Connected TVs – part I

coloured wires

As major new TV services are being announced and rolled out all over the world, I thought it would be a good time to explore this topic. This idea was born from both the increased publicity Internet enabled TVs are getting (due mostly to Google) and my own ignorance into the topic. There have been a lot of terms thrown around, like IPTV, Internet TV, Over-The-Top TV and I had no idea how all these ideas related to one another. My aim is to write a series of posts that will explain what these terms actually mean and explore this exciting emerging industry in more detail. I’ll have a look at the major players contributing to the emergence of the service in the UK, mainland Europe and America and I’ll highlight some of the problems and opportunities with these services. I’ll also later look at some of the other services that are not so centrally involved in shaping the industry but are no-less significant.

So without further ado, let’s begin……

What is IPTV and Over-The-Top TV (OTT TV)

The reception of digital TV and, in particular, HD broadcasting in the home is well established. The delivery of multimedia content to the home user via the Internet is also becoming in-creasingly common, although such content is often viewed on a PC or fed to a TV screen from a PC via a media player connected to a home network. Despite the rapid growth of the online video market in the last five years, it has evolved in parallel with the TV market.
This trend has recently been changing however and increasingly we are seeing online content being merged with traditional broadcasting technology on the television, enabled through tech-nologies like IPTV and OTT TV. IPTV delivers video content over a closed secure infrastructure that can only receive content from the IPTV providers’ channels and it is constantly on-going in a standardisation process (e.g., European Telecommunications Standards Institute). Internet TV on the other hand is delivered over the open public internet – ‘over the top’ of existing networks. This situation is being aided by the rise of ever-faster broadband connections and more effi-cient compression technologies. It has provided the foundations to fundamentally affect the way television is viewed, change channels of distribution and disrupt the traditional broadcast-ing business, as the conventional boundaries of television and online content collide.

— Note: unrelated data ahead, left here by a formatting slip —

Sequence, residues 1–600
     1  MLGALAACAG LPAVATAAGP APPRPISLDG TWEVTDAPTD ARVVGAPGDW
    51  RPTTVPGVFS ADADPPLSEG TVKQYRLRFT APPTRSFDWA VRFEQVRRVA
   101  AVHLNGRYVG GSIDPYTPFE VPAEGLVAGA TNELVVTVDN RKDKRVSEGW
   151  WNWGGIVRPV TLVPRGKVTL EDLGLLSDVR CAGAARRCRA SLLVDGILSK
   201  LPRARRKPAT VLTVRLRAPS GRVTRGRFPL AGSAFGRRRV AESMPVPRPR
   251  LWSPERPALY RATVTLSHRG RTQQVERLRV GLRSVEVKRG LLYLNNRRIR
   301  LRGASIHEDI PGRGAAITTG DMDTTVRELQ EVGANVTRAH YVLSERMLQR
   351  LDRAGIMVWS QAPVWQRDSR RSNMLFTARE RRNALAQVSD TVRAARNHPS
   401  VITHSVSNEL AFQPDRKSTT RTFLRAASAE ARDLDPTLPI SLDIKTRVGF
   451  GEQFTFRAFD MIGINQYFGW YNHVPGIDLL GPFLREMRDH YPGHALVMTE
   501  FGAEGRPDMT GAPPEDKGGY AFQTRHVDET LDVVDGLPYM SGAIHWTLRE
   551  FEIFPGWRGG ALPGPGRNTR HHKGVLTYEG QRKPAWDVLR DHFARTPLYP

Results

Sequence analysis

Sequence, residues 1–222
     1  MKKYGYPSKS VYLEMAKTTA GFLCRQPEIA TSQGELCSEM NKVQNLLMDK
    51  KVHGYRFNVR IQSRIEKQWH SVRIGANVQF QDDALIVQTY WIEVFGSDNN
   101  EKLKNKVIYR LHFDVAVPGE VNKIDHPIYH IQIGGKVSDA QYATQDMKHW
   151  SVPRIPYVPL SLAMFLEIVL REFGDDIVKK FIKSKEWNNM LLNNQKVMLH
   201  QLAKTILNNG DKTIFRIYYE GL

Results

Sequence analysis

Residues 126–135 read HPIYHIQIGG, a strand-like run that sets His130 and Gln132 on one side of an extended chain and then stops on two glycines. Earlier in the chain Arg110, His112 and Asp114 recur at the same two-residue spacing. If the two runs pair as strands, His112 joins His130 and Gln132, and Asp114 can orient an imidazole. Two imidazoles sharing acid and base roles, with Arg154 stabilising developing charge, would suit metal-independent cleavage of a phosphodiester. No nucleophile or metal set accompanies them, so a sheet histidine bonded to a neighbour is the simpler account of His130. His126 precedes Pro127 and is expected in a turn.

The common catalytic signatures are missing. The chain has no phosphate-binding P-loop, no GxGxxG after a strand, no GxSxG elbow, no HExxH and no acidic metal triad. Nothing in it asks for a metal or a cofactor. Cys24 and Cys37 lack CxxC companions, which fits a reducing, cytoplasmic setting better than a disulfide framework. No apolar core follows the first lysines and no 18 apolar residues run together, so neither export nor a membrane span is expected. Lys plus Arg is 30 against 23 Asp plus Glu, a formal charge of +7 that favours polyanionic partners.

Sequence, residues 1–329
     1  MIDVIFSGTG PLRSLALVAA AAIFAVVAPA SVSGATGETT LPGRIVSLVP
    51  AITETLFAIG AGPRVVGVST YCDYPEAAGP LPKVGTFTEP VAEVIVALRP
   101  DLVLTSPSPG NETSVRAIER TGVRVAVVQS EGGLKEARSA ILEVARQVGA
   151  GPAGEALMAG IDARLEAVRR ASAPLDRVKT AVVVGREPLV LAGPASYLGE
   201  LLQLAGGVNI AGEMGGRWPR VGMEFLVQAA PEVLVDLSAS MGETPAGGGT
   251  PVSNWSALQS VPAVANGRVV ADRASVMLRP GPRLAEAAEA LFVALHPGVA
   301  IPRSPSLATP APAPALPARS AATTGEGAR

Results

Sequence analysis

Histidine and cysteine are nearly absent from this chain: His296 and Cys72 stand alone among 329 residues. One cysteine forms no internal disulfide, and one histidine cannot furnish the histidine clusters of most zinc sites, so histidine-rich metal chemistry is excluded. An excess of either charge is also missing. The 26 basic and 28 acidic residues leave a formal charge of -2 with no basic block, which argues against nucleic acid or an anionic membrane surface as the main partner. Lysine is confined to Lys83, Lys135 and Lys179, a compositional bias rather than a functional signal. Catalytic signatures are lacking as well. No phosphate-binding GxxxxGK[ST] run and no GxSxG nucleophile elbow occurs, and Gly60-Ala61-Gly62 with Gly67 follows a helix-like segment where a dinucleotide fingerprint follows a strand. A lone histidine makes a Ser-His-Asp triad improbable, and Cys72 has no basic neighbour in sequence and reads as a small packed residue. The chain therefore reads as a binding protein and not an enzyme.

So far, these emerging TV services have remained rudimentary, but real impetus for their growth will come from initiatives such as YouView (aka Project Canvas) in the UK, HbbTV in Europe, Google TV in the USA and the global Open IPTV Forum (OIPF). There seems to be numerous other access points for online content penetrating the market as well, such as BBC’s iPlayer, TiVo Premiere, Boxee, Apple TV, Hulu, Joost, JumpTV and many others, making the process of getting on-demand quality content a lot simpler.

In the next post I’ll have a look at some of the biggest players that are shaping this industry.

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